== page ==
Placed south of the house, the Jacob Stong Barn is a rare surviving example of an intact 19th century barn in the North York community, and one of few in the City of Toronto. The structure is distinguished by its sheer scale, heavy timber construction, and distinctive gambrel (double-sided) roof.
Standing in their original locations, the Jacob Stong House and Barn recall the historical character of Kaiserville, the farming community that developed around the intersection of Steeles Avenue West and Jane Street. For nearly half a century, the Jacob Stong House and Barn have contributed to the Keele Campus of York University.
The heritage attributes of the Jacob Stong House are:
- The scale, form and massing
- Above a stone foundation, the 2½-storey rectangular plan with the two-storey rear (south) wing
- The materials, with red and buff brick, wood, stone and glass
- The steeply-pitched gable roof with returned eaves, mouldings and brackets (the east chimney is a replacement while the west chimney was removed)
- The main entrance, which is centered on the principal (north) façade and features a flat-headed doorcase with a paneled wood door, original hardware, three-quarter-length sidelights, flat transom, and geometric glazing bars
- The fenestration, with symmetrically placed flat-headed window openings with stone lintels and sills and six-over-six wood sash windows, and the quarter-round windows flanking the chimneys on the east and west walls
- The details, with contrasting buff brick applied for the corner quoins and window detailing, the Flemish bond brickwork on the north facade, the wood supports for the verandah (now removed) on the north elevation, and the surviving shutter hardware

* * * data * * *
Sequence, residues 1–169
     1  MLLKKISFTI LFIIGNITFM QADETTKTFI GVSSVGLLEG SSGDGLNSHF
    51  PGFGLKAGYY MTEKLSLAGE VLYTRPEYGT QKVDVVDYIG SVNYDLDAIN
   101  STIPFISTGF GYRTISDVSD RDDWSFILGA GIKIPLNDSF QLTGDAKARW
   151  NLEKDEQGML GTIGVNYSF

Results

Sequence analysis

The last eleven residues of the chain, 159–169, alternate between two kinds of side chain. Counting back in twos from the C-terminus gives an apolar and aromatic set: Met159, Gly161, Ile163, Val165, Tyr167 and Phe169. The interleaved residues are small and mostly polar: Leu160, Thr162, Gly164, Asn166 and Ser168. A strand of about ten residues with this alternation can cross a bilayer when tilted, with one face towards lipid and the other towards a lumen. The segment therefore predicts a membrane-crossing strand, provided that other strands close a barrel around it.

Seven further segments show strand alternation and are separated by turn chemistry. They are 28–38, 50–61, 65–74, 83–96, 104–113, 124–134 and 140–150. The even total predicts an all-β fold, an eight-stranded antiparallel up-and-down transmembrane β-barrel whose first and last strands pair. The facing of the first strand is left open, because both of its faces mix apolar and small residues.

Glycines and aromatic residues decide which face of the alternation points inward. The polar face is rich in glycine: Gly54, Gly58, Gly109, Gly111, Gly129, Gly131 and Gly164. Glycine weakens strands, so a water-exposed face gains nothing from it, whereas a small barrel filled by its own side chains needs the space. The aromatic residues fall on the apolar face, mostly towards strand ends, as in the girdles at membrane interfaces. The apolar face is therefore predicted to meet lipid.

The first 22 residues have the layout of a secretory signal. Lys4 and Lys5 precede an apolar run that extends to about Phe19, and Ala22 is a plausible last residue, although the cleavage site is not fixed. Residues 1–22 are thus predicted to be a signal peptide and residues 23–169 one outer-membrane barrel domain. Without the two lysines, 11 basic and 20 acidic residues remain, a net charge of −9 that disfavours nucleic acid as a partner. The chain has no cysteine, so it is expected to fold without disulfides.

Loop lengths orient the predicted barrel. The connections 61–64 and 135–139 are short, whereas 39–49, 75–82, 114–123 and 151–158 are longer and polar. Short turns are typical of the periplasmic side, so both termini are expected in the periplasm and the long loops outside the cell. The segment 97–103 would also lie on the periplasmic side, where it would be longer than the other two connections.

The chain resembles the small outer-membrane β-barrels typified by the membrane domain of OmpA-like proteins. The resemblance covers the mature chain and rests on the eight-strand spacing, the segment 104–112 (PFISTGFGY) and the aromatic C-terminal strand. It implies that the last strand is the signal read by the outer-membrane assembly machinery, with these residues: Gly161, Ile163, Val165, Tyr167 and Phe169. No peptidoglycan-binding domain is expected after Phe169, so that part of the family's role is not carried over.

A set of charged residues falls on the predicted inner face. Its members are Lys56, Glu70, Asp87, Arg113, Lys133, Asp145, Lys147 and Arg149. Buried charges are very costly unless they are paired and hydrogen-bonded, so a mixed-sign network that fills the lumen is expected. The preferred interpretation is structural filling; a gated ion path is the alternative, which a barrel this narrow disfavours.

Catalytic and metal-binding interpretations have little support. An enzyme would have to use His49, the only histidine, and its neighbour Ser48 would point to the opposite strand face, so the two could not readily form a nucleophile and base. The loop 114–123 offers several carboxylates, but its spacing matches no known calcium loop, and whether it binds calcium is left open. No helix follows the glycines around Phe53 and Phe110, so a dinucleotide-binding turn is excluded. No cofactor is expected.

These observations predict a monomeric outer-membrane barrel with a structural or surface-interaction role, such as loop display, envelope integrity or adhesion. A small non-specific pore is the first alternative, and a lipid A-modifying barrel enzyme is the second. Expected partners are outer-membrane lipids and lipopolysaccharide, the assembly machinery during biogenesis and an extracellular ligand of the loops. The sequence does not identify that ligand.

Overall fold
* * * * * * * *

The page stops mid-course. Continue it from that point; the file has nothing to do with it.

- The 1½-storey rear (south) wing with its complementary cladding, detailing and, on the west wall, wood verandah
- On the interior, the centre hall plan, the paneled staircase with balustrades and newel post, the plaster mouldings with the ceiling modillion (dating to the late 19th century) in the entrance hall, the first-floor fireplaces in the southwest and northeast rooms, the wainscoting in the first-floor rooms, and the paneled doors, baseboards, and door and window surrounds
- The setting of the building in landscaped open space with the neighbouring Jacob Stong Barn directly south, and the remnants of a farm lane and orchard
The heritage attributes of the Jacob Stong Barn are:
- The scale, form and massing
- Above a stone foundation with openings, the rectangular plan
- The log and heavy timber structure with vertical board cladding
- The gambrel roof
- The large entrance on the north façade with double wood doors
- The setting of the building in landscaped open space, with the Jacob Stong House directly north, and the remnants of a laneway and orchard
Notice of an objection to the proposed designation may be served on the City Clerk, Attention: Francine Adamo, Administrator, North York Community Council, North York Civic Centre, 5100 Yonge Street, Toronto, Ontario M2N 5V7, within thirty days of the 18th day of December, 2009, which is January 18, 2010. The notice must set out the reason(s) for the objection, and all relevant facts.
Dated at Toronto this 18th day of December, 2009.
Ulli S. Watkiss